HOME COOKING:The family-run restaurant’s extensive menu reflects its Johor-Javanese heritage
WITH five children, four of them boys, Masitah Mat Jan is used to cooking large portions to feed her family.
During their school-going years, her children often brought friends home for meals and Masitah had plenty of opportunities to exercise her passion for cooking.
Encouraged by the positive feedback on her food, Masitah then opened a stall to sell nasi Ambeng at the annual Ramadan bazaar.
Some 10 years ago, her husband Zailani Kasmuri started working on a business plan and when the Skudai substation of the Singapore Public Utilities Board he worked with ceased operations in August 2011, he opted for retirement to start a food business.
Zailani, who hailed from Pontian, called his family together for a meeting to discuss his plans.
With ideas contributed by each family member, they came up with a business concept that reflected their Johor-Javanese heritage and opened D'Ambang restaurant in Senai.
"I started the family business to bring the children closer together," said Zailani, pointing out that their daughter Fazliniza, 26, takes care of the administration while sons Mohd Ezrul, 24 and Mohd Fadzli, 21, help with restaurant operations and the beverage section.
One other son is working in Singapore while the youngest is still in school.
The chief cook, Masitah, is assisted by several kitchen helpers, to create an extensive menu of Malay specialties served for breakfast, lunch, tea, dinner and supper.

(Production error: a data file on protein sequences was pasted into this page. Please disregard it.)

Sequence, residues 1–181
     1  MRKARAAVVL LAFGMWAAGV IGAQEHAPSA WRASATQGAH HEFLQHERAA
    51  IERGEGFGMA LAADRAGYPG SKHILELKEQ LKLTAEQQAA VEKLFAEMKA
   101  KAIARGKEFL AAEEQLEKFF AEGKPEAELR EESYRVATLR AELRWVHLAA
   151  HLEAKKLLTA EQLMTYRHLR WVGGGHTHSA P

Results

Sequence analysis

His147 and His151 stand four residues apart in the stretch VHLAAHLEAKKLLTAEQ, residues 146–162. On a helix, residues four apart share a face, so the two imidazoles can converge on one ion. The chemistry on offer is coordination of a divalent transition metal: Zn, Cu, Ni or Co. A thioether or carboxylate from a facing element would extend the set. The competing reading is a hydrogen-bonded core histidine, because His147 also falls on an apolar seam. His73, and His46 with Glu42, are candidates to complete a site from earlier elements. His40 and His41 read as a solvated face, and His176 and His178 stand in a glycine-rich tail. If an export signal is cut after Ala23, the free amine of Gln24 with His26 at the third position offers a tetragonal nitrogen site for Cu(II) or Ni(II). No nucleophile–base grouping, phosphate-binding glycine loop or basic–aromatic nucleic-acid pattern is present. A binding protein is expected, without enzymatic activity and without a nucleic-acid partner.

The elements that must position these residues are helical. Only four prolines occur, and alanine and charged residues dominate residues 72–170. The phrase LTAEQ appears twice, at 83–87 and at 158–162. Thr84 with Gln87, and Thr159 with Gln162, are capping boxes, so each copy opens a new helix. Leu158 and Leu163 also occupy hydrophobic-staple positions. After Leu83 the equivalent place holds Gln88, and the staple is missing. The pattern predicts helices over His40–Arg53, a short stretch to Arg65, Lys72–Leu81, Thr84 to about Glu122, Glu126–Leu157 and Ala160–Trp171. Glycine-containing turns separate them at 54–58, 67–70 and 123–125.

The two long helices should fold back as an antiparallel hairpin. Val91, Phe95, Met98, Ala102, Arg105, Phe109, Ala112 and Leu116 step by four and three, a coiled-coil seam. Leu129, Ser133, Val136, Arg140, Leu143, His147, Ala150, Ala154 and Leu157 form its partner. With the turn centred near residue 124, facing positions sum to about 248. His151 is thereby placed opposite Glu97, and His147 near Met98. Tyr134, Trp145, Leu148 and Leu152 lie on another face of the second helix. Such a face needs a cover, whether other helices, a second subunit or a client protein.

Nasi Ambeng, a typical Javanese meal, is traditionally served on a large tray as a communal meal but here, this signature dish can also be enjoyed as a single portion on a plate. The meal is made up of steamed white rice, fried noodles and condiments.
The serving of nasi Ambeng here also comes with fried salted fish and a side of spicy sambal belacan.
Customers who discovered D'Ambang have become regulars because after they have tasted one meal, they had to return to savour the specialties served at different times of the day.
For instance, if you had roti canai, laksa Johor or lontong kuah lodeh (rice cubes in vegetable stew) for breakfast, you will be tempted to taste the lovely lunch spread of dishes like kupang masak sambal (mussel sambal), ikan asam pedas (hot and spicy fish) and ikan keli masak lemak cili padi (spicy catfish dish) with steamed white rice.
"Ayam Penyet paling top!" is Masitah's colloquial way to describe the popularity of the restaurant's deep-fried crushed chicken meal that comes with spicy sambal belacan on the side.
Some of the hot favourites in the dinner menu include spicy mutton bone "gear box" soup and rice porridge sets.
There is an a la carte menu of rice and noodles to order from at any time of day and a variety of drinks and desserts including ABC (air batu campur), a refreshing heap of flavoured shaved ice!
There is a special charm about the clean and cosy ambience in this family-run restaurant that keeps customers coming back again and again.
Maybe it is also because customers can appreciate the beauty of batik that covers each table-top or simply because Masitah does not use any artificial flavouring in her cooking.
D'Ambang is also fast gaining popularity among travellers from the north en route to Singapore's Changi Airport for their umrah departures.
During Ramadan month, D'Ambang will be serving daily specials for breaking fast and sahur meals before dawn.
D'Ambang restaurant is located at No. 1769, Jalan Senai Utama 1/2, Taman Senai Utama, 81400 Senai, Johor. For more information, call 07-5909 424 or 019-769 5640.